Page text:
A pilot study published in 2018 by Picker, psychologist Deborah Taylor, Dr. Donald Woolever, and colleagues showed that after the new curriculum was added, residents became less likely to see ambiguity as threatening. For example, before the new rotation, residents on average heartily agreed that “an expert who doesn’t come up with a definite answer probably doesn’t know too much.” Afterward, and even six months later, they strongly disagreed. The teaching had shifted their professional identity.
“It was reiterated to us that it’s okay to say, ‘I need to look this up’ or ‘I don’t know the answer right now’ — which is a very hard thing to do, by the way,” recalls Dr. Nupur Nagrare, a 2017 graduate of the program who practices in upstate New York. The training has given her confidence — even courage — during the pandemic. “If you’re open to ambiguity, you don’t have tunnel vision and things aren’t so set in stone,” she says.
Day to day, humans fare well by relying on intuitive cognition, the quick heuristics or shortcuts largely honed from past experience. This is how an experienced doctor, for example, first suspects that a patient’s chest pains signal a heart attack. But when something defies expectations or goes awry, the mind must break away from autopilot, pivot, and reassess. An error, a contradiction, a discrepancy — a false-positive medical test, an awakening to societal inequality — creates a discomfiting mismatch between old expectations and a new reality.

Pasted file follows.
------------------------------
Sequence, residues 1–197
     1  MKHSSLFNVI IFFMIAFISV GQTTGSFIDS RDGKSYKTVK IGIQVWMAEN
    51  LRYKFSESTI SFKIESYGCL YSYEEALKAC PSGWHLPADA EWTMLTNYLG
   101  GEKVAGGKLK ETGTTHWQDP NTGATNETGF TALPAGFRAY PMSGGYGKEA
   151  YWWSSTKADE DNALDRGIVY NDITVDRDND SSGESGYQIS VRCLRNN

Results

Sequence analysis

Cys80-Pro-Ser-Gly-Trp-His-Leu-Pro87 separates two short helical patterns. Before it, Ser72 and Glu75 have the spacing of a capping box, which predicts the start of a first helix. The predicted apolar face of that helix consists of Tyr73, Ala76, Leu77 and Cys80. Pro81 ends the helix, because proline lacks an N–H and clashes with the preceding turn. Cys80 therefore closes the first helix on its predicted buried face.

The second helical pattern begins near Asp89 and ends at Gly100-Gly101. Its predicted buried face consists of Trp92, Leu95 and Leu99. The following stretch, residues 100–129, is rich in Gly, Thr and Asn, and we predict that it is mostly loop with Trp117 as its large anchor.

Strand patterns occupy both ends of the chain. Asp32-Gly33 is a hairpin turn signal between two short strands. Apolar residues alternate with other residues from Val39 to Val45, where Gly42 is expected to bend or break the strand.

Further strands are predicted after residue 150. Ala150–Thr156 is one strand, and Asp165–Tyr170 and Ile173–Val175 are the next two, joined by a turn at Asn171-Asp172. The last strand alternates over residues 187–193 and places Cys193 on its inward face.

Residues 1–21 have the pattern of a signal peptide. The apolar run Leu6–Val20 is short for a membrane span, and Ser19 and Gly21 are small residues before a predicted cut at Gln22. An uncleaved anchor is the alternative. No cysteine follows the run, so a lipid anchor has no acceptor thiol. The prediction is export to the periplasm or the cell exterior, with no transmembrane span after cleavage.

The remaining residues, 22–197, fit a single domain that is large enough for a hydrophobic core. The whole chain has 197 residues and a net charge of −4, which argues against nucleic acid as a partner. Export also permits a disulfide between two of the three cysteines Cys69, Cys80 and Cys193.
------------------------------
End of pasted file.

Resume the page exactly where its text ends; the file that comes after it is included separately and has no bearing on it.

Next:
What happens in our minds at that point is one of the hottest topics in cognitive science.
At that moment, uncertainty widens our focus and bolsters working memory. It evokes the “slow” thinking needed to update a now-deficient understanding of the world. Being unsure is both a signal of danger and a provocation to investigate what’s different, missing, or wrong, an undertaking called “conflict processing.” “Uncertainty can be informative, and people don’t often seem to realize that,” says Sander van der Linden, who directs the University of Cambridge’s Social Decision-Making Laboratory. “It points us in the direction of what we do not know.”
Consider a pioneering study of 104 German chief executives facing the dramatic expansion of the European Union in 2004 to include many former communist countries. A few months before that change, some of the 104 CEOs predicted it would bolster their firms while others said it would hurt their prospects, according to the study by Nils Plambeck of HEC Paris Business School and Northwestern University’s Klaus Weber. A third group, however, saw the enlargement of the European bloc as potentially both positive and negative; they were unsure of the ultimate outcome.